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It appearing that the Governor-General has power to deport aliens as an act of state; and that he has

followed the procedure marked out for the exercise of that power in section 69 of the Administrative Code;
and that the petitioner in the habeas corpus proceedings referred to in the opinion is a subject of a foreign
power; this court has no power to interfere with or to control the action of the Governor-General in ordering
the deportation of the petitioner.
The discretionary power to deport "undesirable aliens whose continued presence in the Philippine Islands is
a menace to the peace and safety of the community," as an act of state, having been conferred upon the
Governor-General, to be exercised by him upon his own opinion as to whether the facts disclosed by an
investigation had in accord with section 69 of the Administrative Code justify or necessitate deportation in a
particular case, he is the sole and exclusive judge of the existence of those facts, and no other tribunal is at
liberty to reexamine or controvert the sufficiency of the evidence on which he acted.
Deportations of aliens by the Governor-General, as an act of state, upon prior investigation conducted in the
manner and form prescribed in section 69 of the Administrative Code may properly be regarded as made
"under the combined powers of the Governor-General and the Philippine Legislature.
Even if the legislative grant to the Governor-General of power to deport aliens upon prior investigation,
conducted in the manner and form prescribed in section 69 of the Administrative Code, should be held to be
ineffective as an unlimited and unrestricted grant of the power of the Philippine Government to deport aliens
as an act of state; it should, at least, be held to; be a sufficient grant of a regulated power to deport aliens,
upon grounds such as those upon which the order to deport petitioner in the instant case is based; that is to
say, when it is found that the "person whose deportation is contemplated" is "an undesirable alien, whose
continued presence in the Philippine Islands is a menace to the safety and peace of the community."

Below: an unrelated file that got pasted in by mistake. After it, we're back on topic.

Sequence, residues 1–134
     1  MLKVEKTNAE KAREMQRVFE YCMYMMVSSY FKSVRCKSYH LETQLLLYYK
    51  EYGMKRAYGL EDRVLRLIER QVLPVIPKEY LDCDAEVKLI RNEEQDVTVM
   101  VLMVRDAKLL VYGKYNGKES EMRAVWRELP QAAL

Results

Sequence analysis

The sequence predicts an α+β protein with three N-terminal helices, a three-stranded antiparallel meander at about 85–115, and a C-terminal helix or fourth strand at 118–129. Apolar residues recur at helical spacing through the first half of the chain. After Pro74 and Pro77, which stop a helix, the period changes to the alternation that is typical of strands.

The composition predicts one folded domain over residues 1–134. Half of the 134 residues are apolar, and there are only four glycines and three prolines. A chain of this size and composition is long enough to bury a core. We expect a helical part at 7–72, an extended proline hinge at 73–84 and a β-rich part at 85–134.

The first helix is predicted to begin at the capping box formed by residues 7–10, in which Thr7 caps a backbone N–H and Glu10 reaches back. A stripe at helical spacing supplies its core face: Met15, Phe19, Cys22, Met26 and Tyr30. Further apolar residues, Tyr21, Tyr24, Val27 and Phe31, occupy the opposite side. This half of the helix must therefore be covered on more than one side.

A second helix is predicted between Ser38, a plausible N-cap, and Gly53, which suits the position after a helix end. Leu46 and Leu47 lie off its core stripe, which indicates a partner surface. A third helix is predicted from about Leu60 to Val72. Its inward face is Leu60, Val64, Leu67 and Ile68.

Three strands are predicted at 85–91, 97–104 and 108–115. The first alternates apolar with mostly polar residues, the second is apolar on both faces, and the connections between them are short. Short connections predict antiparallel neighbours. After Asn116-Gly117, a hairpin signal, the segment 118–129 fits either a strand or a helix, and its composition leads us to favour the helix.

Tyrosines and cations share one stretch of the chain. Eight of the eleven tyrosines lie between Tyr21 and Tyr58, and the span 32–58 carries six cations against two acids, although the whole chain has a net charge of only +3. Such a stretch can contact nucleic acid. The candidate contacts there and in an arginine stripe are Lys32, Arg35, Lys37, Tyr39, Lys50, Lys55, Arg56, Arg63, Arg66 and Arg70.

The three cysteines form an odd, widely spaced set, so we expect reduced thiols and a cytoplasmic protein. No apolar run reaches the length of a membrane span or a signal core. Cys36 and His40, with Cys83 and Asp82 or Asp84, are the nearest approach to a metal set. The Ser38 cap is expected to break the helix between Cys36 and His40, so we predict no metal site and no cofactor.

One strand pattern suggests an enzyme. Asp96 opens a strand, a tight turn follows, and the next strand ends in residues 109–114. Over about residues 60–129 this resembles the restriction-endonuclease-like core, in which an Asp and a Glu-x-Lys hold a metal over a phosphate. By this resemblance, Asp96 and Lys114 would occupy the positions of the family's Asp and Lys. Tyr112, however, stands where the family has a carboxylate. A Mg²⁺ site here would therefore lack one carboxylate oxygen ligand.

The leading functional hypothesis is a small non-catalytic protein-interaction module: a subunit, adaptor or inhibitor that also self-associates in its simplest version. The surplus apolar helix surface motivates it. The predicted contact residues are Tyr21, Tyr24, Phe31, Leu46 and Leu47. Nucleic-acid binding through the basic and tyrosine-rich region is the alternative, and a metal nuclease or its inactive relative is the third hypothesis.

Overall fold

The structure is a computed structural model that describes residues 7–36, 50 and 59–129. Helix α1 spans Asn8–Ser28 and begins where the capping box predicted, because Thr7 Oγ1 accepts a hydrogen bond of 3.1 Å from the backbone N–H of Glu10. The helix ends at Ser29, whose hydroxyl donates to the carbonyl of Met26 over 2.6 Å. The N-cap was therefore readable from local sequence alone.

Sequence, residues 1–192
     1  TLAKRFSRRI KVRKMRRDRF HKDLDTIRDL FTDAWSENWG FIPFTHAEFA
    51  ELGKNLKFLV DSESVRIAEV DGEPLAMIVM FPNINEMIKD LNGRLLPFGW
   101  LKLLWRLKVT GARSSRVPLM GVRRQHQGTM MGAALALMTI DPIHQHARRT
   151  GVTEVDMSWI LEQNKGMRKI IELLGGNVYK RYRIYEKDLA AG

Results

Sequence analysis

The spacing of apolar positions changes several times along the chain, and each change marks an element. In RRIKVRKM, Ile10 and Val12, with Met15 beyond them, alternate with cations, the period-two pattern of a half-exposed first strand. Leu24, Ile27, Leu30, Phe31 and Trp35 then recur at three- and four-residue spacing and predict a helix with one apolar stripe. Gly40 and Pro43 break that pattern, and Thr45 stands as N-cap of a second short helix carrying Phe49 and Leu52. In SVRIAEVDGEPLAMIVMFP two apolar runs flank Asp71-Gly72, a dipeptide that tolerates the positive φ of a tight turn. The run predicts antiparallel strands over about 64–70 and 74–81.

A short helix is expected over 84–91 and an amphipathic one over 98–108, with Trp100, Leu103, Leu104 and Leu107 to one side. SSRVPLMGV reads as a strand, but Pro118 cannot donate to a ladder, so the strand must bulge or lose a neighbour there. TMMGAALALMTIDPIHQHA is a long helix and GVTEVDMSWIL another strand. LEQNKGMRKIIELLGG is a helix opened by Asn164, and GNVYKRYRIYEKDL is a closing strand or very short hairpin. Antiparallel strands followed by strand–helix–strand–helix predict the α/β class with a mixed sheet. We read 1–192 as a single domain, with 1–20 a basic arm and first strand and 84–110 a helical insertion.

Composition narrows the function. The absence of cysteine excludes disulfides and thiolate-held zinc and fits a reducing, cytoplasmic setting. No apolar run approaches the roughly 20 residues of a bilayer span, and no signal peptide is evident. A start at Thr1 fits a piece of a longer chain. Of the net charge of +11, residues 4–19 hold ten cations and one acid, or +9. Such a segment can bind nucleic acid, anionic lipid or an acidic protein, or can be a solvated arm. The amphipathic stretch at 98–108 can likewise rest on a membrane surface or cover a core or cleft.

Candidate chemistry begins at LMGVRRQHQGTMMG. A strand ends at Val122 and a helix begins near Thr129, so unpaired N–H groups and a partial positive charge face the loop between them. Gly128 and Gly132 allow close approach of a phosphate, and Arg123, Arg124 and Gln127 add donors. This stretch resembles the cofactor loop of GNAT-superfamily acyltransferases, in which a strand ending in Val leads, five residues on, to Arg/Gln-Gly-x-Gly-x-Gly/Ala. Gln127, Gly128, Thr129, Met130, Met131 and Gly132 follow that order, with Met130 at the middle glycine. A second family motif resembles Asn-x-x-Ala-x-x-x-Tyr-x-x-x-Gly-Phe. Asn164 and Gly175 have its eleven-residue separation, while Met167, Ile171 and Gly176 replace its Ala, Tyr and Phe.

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Let it be noted that we are not discussing, at this time, the political wisdom of conferring powers to deport
on the Chief Executive. It is not within the province of the courts to pass upon the wisdom or unwisdom of
legislative enactments. The question is not whether Congress and the Philippine Legislature should have
delegated authority of this kind, but whether such authority could be delegated under the laws and the
Constitution of the United States. No reasons, other than those of mere political expediency, have been
suggested for denying the power of the Legislature to confer such authority: and yet as was said by the
Supreme Court of the United States in the Tiaco v. Forbes case (supra), "The very ground of the power in
the necessities of the public welfare shows that it may have to be exercised in a summary way through
executive officers."
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The truth is, of course, that the instances in which aliens may be deported as an act of state must be
determined upon recognized principles of international law; and that the Legislature, when it conferred a
regulated power on the Governor-General to deport aliens, upon prior investigation, in all instances in which
the Government of the Philippines may deport aliens as an act of state, did not confer an arbitrary power to
deport any alien upon a mere "whim" as is suggested, but only such aliens as may properly and lawfully be
deported under recognized rules of international law.